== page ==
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    Army leaders learn how DHA concussion protocols support Soldier health



    Story by Maria Christina Yager 

    Blanchfield Army Community Hospital

    FORT CAMPBELL, Ky. – The director of the Civilian Aides to the Secretary of the Army program, Angela Ritz, recently learned about how the Fort Campbell Intrepid Spirit Center’s Acute Concussion Clinic and Traumatic Brain Injury Intensive Outpatient Rehabilitation serves Soldiers, and toured its Interdisciplinary Pain Management Clinic and Sleep Medicine Lab.

    “People can have head injuries without injuring their brain, which is common. A concussion is when a head injury occurs that also disrupts normal brain function. Concussions are also called traumatic brain injuries, or TBIs. Battlefield related injuries, such as blast or explosion exposure, shrapnel, fights, and gunshot wounds, are not the only way to obtain a concussion. In fact, falls and motor vehicle accidents are the most common ways to suffer a traumatic brain injury,” said Maj. (Dr.) Nicholas Spinuzza, a physical medicine and rehabilitation physician and Fort Campbell Intrepid Spirit Center medical director.

    Ritz was accompanied on the Jan. 9 visit by Phil Harpel and Ralph Schulz, both serving as Tennessee CASAs. CASAs are business and community leaders appointed by the Secretary of the Army to advise and support Army leaders across the country. Spinuzza guided the trio on a tour of the state-of-the-art center while discussing how the Intrepid Spirit Center executes its mission of treating Service Members with TBIs, Post Traumatic Stress Disorder, pain, and sleep dysfunction.

    “Most people will recover within a few days to weeks, but data suggests earlier intervention may improve down time” explained Spinuzza. A statistic backed by the Defense Health Agency’s Traumatic Brain Injury Center of Excellence reports that service members typically return to full duty within 2-4 weeks.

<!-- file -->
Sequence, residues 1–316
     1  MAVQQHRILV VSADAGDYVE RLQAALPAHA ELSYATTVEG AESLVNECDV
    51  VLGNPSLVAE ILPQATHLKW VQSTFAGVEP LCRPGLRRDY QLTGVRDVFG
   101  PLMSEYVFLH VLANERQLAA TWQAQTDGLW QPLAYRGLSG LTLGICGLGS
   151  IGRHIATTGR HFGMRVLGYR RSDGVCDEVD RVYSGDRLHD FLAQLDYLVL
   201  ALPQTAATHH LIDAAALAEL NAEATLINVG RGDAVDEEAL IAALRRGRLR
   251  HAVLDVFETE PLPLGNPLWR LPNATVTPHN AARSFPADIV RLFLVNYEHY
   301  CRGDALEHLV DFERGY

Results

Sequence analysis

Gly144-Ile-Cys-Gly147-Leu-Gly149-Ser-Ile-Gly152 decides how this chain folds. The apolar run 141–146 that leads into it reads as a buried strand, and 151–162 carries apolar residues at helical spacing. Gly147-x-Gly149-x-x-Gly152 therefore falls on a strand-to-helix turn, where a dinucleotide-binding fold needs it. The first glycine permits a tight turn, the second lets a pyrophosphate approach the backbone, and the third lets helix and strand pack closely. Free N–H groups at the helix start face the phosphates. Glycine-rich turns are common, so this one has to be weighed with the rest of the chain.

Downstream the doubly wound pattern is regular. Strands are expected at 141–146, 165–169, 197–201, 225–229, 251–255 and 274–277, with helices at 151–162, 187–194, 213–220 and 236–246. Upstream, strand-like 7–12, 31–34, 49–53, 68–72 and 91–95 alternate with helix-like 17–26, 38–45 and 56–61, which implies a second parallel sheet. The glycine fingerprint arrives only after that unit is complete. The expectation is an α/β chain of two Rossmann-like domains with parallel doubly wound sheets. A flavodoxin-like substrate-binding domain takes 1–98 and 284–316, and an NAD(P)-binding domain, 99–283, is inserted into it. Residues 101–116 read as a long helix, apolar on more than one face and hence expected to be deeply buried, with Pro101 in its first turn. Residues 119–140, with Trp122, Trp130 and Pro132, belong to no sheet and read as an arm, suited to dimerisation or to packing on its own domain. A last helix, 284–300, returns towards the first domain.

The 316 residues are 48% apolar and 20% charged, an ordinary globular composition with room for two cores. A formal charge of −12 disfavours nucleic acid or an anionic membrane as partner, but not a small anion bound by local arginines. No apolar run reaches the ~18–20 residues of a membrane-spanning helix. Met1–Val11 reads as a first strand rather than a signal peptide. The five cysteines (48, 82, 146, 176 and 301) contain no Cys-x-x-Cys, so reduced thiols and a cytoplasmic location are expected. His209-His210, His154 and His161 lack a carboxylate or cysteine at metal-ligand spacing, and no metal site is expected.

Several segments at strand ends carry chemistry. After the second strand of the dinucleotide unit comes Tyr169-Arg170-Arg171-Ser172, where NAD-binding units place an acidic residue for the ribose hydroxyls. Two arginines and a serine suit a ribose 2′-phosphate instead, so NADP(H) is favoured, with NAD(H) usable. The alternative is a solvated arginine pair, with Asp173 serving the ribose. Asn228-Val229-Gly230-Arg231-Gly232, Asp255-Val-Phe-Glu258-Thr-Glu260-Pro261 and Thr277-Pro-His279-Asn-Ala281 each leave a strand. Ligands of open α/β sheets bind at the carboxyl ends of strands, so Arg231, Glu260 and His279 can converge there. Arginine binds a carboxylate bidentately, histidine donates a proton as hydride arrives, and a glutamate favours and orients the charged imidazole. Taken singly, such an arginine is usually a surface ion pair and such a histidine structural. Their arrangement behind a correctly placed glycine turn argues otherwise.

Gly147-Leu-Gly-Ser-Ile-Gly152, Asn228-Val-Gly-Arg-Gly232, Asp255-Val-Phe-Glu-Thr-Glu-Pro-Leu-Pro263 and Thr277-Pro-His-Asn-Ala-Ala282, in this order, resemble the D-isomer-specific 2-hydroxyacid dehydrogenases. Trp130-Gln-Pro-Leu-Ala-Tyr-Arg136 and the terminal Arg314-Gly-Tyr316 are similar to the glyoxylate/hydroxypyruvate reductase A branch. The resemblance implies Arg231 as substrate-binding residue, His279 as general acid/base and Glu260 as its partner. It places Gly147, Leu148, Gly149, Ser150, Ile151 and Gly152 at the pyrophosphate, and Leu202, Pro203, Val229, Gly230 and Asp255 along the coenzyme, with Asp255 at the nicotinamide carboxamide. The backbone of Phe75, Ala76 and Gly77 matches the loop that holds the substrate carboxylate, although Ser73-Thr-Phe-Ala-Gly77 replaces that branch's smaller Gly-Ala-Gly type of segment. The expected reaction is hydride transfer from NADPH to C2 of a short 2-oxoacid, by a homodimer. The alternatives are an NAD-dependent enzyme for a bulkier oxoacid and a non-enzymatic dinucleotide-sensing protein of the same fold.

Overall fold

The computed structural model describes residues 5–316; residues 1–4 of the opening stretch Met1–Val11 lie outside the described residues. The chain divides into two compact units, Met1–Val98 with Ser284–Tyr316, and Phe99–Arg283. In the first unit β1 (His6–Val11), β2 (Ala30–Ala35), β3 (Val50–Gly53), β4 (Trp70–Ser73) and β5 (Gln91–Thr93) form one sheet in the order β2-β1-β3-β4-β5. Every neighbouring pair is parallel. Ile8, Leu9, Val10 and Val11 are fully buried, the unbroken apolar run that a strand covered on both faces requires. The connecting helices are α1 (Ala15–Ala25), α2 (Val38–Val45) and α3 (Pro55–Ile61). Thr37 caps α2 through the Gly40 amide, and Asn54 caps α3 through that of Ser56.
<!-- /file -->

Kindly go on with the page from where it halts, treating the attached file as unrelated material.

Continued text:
Spinuzza explained that the Defense Health Agency put forward a directive to advance screening and early intervention, requiring each Military Health System region to come up with plans to execute the task. Spinuzza and his then partner, Maj. (Dr.) Blaise Pascale, led from the front, bolstering existing hospital infrastructure and creating the first Acute Concussion Clinic for the MHS.

    “Our mission is to help our Soldiers return, as close as possible, to the level of health and quality of life they had prior to injury. By educating our colleagues throughout the installation on evaluation and treatment of concussions via the Military Acute Concussion Evaluation and the Progressive Return to Activity program, we have also helped improve the care delivered to retirees and dependent beneficiaries,” said Spinuzza.

    Soldiers who have suffered a head injury and experience physical, cognitive, or emotional symptoms should seek medical evaluation, through primary or emergency care.

    “In persistent cases, our intensive outpatient rehabilitation center is designed to further the diagnostic evaluation and provide targeted, individualized treatment through an interdisciplinary model. Utilizing traditional medical therapies, neuro modulation, behavioral health support, and complementary and alternative medicine techniques, we aim to accomplish that goal,” Spinuzza explained.

    The Intrepid Spirit Center’s intensive outpatient rehabilitation for TBI is designed to maintain a Soldier’s integration with their unit throughout the 12-week program. This unique approach enables real-time feedback, encouraging family and work engagement in the healing process.

    After the stop at Intrepid, Ritz and her group continued on their visit to Fort Campbell.



    Date Taken: 01.24.2023
    Date Posted: 01.24.2023 12:09
    Story ID: 437154
    Location: FORT CAMPBELL, KY, US

    Web Views: 166
    Downloads: 0